Veterinary dental care should rank among top priorities for caring pet owners
By Lidja Gillmeister, DVM
For better or worse, for richer or poorer, most Americans remain dedicated pet owners when it comes to providing veterinary care for their furry, fuzzy, scaly and feathered friends. According to the Los Angeles Times, a recent poll indicates that the nation’s pet owners frequently prioritize veterinary care despite the cost in order to ensure the health and safety of their extended family members – be they canine, feline, equine or otherwise. When it comes to veterinary dental care, these numbers are especially encouraging: according to the American Veterinary Dental Society, at least 80 percent of dogs and 70 percent of cats develop gum disease by the age of three, making routine visits for a professional veterinary evaluation and cleaning all the more critical to the health and well-being of America’s much-loved pets.
Just like in humans, periodontal disease in pets begins with the build-up of plaque and calculus on the teeth, particularly below the gum line. Signs and symptoms of periodontal disease in cats and dogs may include bad breath, bleeding and gum inflammation – and, if allowed to progress, these symptoms can ultimately result in gum recession, loosening and the eventual loss of teeth. However, despite the high canine and feline incidence rates of gum disease, there are steps that pet owner can take to prevent and reverse symptoms early on – both at home and at a local veterinary clinic.
At-home oral hygiene routines should include regular brushing with a toothpaste formulated for animals, administered 1-3 times per week and, for optimal pet cooperation, linked to fun activities like walks, playtime or treats. (It is important to note that pet owners cannot use human toothpaste on their pets, as some such products contain ingredients that can sicken pets if ingested). Owners new to brushing should start the process while their pets are still young, if possible, and begin slowly – starting off using a finger covered with toothpaste for short periods at a time and gradually building up to using a toothbrush for more thorough cleaning. Most pets may resist the brushing process at first – but the benefits are worth it: statistics suggest that brushing a pet’s teeth once per week reduces plaque by 75%, while brushing 3 times per week can reduce plaque by up to 90%, significantly cutting chances for infection and disease.
Signs of periodontal disease: when to visit your veterinarian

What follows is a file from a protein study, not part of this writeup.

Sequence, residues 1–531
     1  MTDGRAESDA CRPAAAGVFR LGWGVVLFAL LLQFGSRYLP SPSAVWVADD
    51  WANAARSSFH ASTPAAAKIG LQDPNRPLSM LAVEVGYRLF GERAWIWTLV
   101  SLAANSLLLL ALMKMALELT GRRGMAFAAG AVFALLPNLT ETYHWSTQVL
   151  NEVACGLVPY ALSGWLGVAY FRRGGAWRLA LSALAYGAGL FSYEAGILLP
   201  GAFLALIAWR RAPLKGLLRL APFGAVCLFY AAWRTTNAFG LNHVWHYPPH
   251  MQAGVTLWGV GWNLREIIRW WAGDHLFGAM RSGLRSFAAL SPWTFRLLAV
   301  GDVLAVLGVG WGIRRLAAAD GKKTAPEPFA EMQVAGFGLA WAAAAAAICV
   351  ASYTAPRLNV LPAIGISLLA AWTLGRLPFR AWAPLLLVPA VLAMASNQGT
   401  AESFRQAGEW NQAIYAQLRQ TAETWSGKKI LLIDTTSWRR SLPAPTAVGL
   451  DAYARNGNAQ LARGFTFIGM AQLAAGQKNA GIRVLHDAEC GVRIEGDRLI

Home care can be incredibly effective when it comes to preventing periodontal disease in dogs and cats. However, if over the course of an at-home brushing routine you encounter blood on the toothbrush, tan or brown buildup on the teeth, loose or broken teeth or any other oral abnormalities, it is important to schedule an appointment with your local veterinarian for an immediate evaluation. A qualified and experienced veterinarian will perform deep cleaning to remove hardened tartar and any other necessary procedures using special instruments and general anesthesia – a critical safety precaution to prevent possible injury due to a pet’s head movements during scaling or polishing. Be advised that non-professional dental scaling – that is, any dental procedure performed without anesthesia and without the presence of a licensed veterinarian – is not only inappropriate and dangerous to the health and safety of your pet, but also illegal according to a unanimous decision put forth by the California Department of Consumer Affairs Veterinary Medical Board.
At La Jolla Veterinary Hospital, we understand that canine and feline dental cleaning is not a purely cosmetic procedure, but rather an important medical treatment that requires anesthesia in order to provide the veterinarian access to the gingival pocket – the space between the gum and the root of the tooth where periodontal disease is active. Our licensed veterinary professionals administer dental scaling using inhalation anesthesia (provided through a cuffed tube to protect your pet’s airways), thereby easing stress and confusion to your pet during the procedure while eliminating pain resulting from examination and treatment of affected dental tissues. In addition, all pet dental cleanings at our La Jolla veterinary facility include courtesy full-mouth radiographs to screen for any additional problems lurking below the gingiva or inside the teeth.
To learn more about our highly trained veterinary staff or schedule an appointment for a dental exam, visit us online today: www.lajollavet.com.
- Holiday travel and pet boarding tips for a safe Thanksgiving season
- Listeria outbreak prompts renewed interest in zoonotic disease and preventative safety measures
- Help control fleas year-round with preemptive action and medication alternatives
- For Venus Williams, natural remedies may hold key to Sjogren’s syndrome relief
- Toddler’s pushpin accident results in state’s investigation
Short URL: http://www.lajollalight.com/?p=55923